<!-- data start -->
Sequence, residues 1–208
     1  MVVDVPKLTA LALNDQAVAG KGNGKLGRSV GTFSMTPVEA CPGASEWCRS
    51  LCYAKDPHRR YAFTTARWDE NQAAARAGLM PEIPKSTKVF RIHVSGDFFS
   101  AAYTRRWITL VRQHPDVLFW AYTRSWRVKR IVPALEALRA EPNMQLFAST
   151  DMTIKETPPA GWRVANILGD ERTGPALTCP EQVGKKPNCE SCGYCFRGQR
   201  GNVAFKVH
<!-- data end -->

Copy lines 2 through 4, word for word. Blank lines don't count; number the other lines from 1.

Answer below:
     1  MVVDVPKLTA LALNDQAVAG KGNGKLGRSV GTFSMTPVEA CPGASEWCRS
    51  LCYAKDPHRR YAFTTARWDE NQAAARAGLM PEIPKSTKVF RIHVSGDFFS
   101  AAYTRRWITL VRQHPDVLFW AYTRSWRVKR IVPALEALRA EPNMQLFAST